The other important function that Petty performed for Hillman was to give invaluable advice about the veracity of the material. Hillman admits he was slightly too close to the situation to judge either his new original tracks or the existing songs he'd chosen to cover.

I said, 'Tom, you haven't heard any of the songs I want to cut,' and he said, 'I'm not worried,'" recalls Hillman. "And I said, 'Well, I'm worried. I don't know if they're any good.' He said, 'I'll tell you.' I told him, 'Look me in the eye, and if you don't hear something, we'll work on it, and if it doesn't work, out the door it goes.' A couple of them, he said, 'I don't hear that.' We talked it out, I tried it a different way, but I said, 'You're absolutely right.' The ones we decided on seemed to fit really well."

Although "Bidin' My Time" ostensibly started off as an acoustic folk album, it morphed into an electric set with the addition of Heartbreakers guitarist Mike Campbell, keyboardist Benmont Tench and drummer Steve Ferrone - who Hillman cited as one of the best drummers he's ever worked with as well as session master John Jorgenson and Petty himself on guitars, Pedersen and former Byrds mate David Crosby on vocals and a handful of other guests. With a clutch of covers, including an Everly Brothers track, Petty's song "Wildflowers,'" which Hillman and Pedersen sang at his MusicCares tribute concert last year, revisitations on old Byrds tunes, including a straight rendering of the Gene Clark classic "She Don't Care About Time" and a few new songs, "Bidin' My Time" also became something unexpected.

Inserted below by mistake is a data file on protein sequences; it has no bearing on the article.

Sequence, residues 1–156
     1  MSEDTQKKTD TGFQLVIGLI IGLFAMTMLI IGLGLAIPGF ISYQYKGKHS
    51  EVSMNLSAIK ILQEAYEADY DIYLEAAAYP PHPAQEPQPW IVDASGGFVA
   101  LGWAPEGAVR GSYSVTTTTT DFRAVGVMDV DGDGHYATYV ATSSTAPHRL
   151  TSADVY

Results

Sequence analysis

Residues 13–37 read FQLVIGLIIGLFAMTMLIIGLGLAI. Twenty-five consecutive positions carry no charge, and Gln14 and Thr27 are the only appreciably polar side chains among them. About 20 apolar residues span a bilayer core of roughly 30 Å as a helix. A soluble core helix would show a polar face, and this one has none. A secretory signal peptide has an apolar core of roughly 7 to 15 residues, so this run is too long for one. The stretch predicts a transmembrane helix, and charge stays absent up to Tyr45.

"I didn't think of it that way, but towards the end of the project, I said, 'This thing is sort of conceptualizing," says Hillman. "It covers my early roots in bluegrass, through the Byrds, through different aspect of my life. It was an interesting experience."

The recording of the Everly Brothers' song "Walk Right Back" was actually a fluke. It wasn't among the list of covers that Hillman brought to the session, but he and Pedersen began singing it as a lark while the studio was being set up for another song. "Tom ran out of the booth and said, 'We have to cut that right now!' says Hillman. "We sang it, John Jorgenson played this wonderful guitar solo, and we were done in an hour."